Edward Tomkins

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For the Australian footballer, see Ted Tomkins.
Sir Edward Tomkins
Edward Tomkins 1970.jpg
Edward Tomkins in 1970
British Ambassador to France
In office
Preceded by Sir Christopher Soames
Succeeded by Sir Nicholas Henderson
British Ambassador to the Netherlands
In office
Preceded by Sir Peter Garan
Succeeded by John Barnes
Personal details
Born (1915-11-16)16 November 1915
Jubbulpore, India
Died 20 September 2007(2007-09-20)
Sibbertoft, England
Nationality British
Spouse(s) Gillian Benson (1955–2003)
Alma mater Trinity College, Cambridge
Occupation Diplomat
Religion Church of England
Awards Croix de Guerre
Military service
Allegiance  United Kingdom
Service/branch Flag of the British Army.svg British Army
Years of service 1940–1944
Unit Intelligence Corps
Battles/wars Second World War

Sir Edward Emile Tomkins GCMG CVO (16 November 1915 – 20 September 2007) was a British diplomat, who served as British Ambassador to the Netherlands from 1970 to 1972, and British Ambassador to France from 1972 to 1975. He owned Winslow Hall in Winslow, Buckinghamshire, often attributed to Christopher Wren, from 1959.


Tomkins was the son of Lieutenant Colonel Ernest Leith Tomkins and his French wife,[1][2] and was raised partly in France and thus grew up speaking perfect French. He was educated at Ampleforth College and Trinity College, Cambridge. He joined the Diplomatic Service in 1939. After joining the Army in 1940 during World War II, he served as a liaison officer with the Free French Forces in the Middle East. He was captured by German Field Marshal Erwin Rommel in 1941 while making his way back to British lines from the battle of Bir Hakeim with French General Marie Pierre Kœnig.

He was imprisoned in Camp 41, a prisoner-of-war camp near Parma in northern Italy, alongside Pat Gibson and Nigel Strutt. Strutt was repatriated on medical grounds, and Gibson and Tomkins were moved to another camp. He and Gibson escaped from the new camp, and spent 81 days walking 500 miles (800 km) south to Bari, crossing the Apennines and German lines, to return to Allied-held territory. He was awarded the French Croix de Guerre for his services.

He returned to the Diplomatic Service in 1944, and was posted to Moscow until 1946. He returned to Whitehall in 1948, to become Assistant Private Secretary to the Foreign Secretary, serving under Ernest Bevin and then Herbert Morrison. He was First Secretary in Washington, D.C. in 1951, then in Paris from 1955, in charge of press relations. In Paris, he met Gillian Benson, daughter of Air Commodore C.E. Benson. They married in 1955.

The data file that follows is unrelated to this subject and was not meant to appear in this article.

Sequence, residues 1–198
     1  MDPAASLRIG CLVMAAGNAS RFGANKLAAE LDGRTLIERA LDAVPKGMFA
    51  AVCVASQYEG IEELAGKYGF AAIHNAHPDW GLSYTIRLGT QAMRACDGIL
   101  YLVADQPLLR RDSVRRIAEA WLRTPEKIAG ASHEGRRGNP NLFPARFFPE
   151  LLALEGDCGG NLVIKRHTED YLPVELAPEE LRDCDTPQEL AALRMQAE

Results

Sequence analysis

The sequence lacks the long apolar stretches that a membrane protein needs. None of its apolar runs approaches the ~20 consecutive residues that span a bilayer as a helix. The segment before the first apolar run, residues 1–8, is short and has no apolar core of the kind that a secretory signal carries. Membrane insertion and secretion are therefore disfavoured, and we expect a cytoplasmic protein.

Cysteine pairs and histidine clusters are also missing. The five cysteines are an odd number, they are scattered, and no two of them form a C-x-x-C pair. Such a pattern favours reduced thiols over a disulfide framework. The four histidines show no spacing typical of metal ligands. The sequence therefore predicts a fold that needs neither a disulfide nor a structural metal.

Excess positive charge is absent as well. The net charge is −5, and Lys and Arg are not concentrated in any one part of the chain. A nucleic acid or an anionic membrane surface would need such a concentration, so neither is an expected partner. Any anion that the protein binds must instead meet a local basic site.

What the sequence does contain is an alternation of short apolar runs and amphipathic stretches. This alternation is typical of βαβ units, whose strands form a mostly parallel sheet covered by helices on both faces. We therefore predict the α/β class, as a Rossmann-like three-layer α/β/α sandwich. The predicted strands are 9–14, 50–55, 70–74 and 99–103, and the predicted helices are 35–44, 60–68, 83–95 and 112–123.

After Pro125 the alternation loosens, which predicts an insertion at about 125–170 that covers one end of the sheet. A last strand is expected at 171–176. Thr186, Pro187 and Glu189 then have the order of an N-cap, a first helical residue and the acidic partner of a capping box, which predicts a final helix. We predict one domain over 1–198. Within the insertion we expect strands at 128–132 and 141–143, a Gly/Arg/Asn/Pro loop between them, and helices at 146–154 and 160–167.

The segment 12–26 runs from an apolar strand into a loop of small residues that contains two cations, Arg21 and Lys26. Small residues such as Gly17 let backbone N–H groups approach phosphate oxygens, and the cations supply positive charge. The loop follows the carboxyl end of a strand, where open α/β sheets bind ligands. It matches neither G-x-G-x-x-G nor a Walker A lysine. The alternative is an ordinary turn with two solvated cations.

He was appointed CVO in 1957,[3] and CMG in 1960.[4] After another period in London, he was Minister in Bonn, where he befriended Claus von Amsberg (later husband of Princess and then Queen Beatrix of the Netherlands). He returned to Washington as Minister in 1967.

Advanced to KCMG in 1969,[5] he was Head of Mission and Ambassador at The Hague from 1970 to 1972,[6] and then replaced Christopher Soames as Ambassador to France in 1972.[7] Agence France Presse lauded his appointment an historic breakthrough in Franco-British relations – the first fluent speaker of French and Roman Catholic to hold the position, together with a record of service with the Free French Forces in North Africa. He also spoke excellent German and Italian.

Supported by British Prime Minister Edward Heath, Tomkins took a leading role in the negotiations for Britain to join the European Economic Community in 1973. He established friendly personal and working relationships with two French presidents, Georges Pompidou and Valéry Giscard d'Estaing. He retired on leaving Paris in 1975, advanced to GCMG. He became a Grand Officier of the Légion d'honneur in 1984.

Tomkins lived at the Christopher Wren-designed Winslow Hall in Buckinghamshire. He bought the derelict and about-to-be-demolished house in 1959, and he and his wife carefully restored it. They lived there from 1975 after he retired from service. Sir Edward offered the house for sale in May 2007, four months before his death, for £3,000,000, comprising six bedroom suites, two self-contained flats and surrounded by 22 acres (8.9 ha) of land.

He was elected as a Conservative member of Buckinghamshire County Council from 1977 to 1985, and became a governor of Stowe School.

In 1955 Tomkins married Gillian Benson, a daughter of Air-Commodore Constantine Benson by his wife Lady Morvyth Benson, a daughter of William Ward, 2nd Earl of Dudley. They had three children, a son and two daughters. Lady Tomkins died in 2003.

Sir Edward Tomkins died at the age of 91 in 2007, and was survived by his three children.


  1. ^ Alan Campbell. Obituary: Sir Edward Tomkins. The Guardian. Thursday 27 September 2007. Retrieved 3 February 2008.
  2. ^ Townsend (ed.), Genealogical and Heraldic History of the Landed Gentry, 18th ed., vol. 2, 1968, p. 43
  3. ^ "no. 41055". The London Gazette. 26 April 1957. p. 2519. 
  4. ^ "(Supplement) no. 42051". The London Gazette. 3 June 1960. p. 3977. 
  5. ^ "(Supplement) no. 44863". The London Gazette. 6 June 1969. p. 5964. 
  6. ^ "no. 45053". The London Gazette. 5 March 1970. p. 2667. 
  7. ^ "(Supplement) no. 45876". The London Gazette. 11 January 1973. p. 480. 

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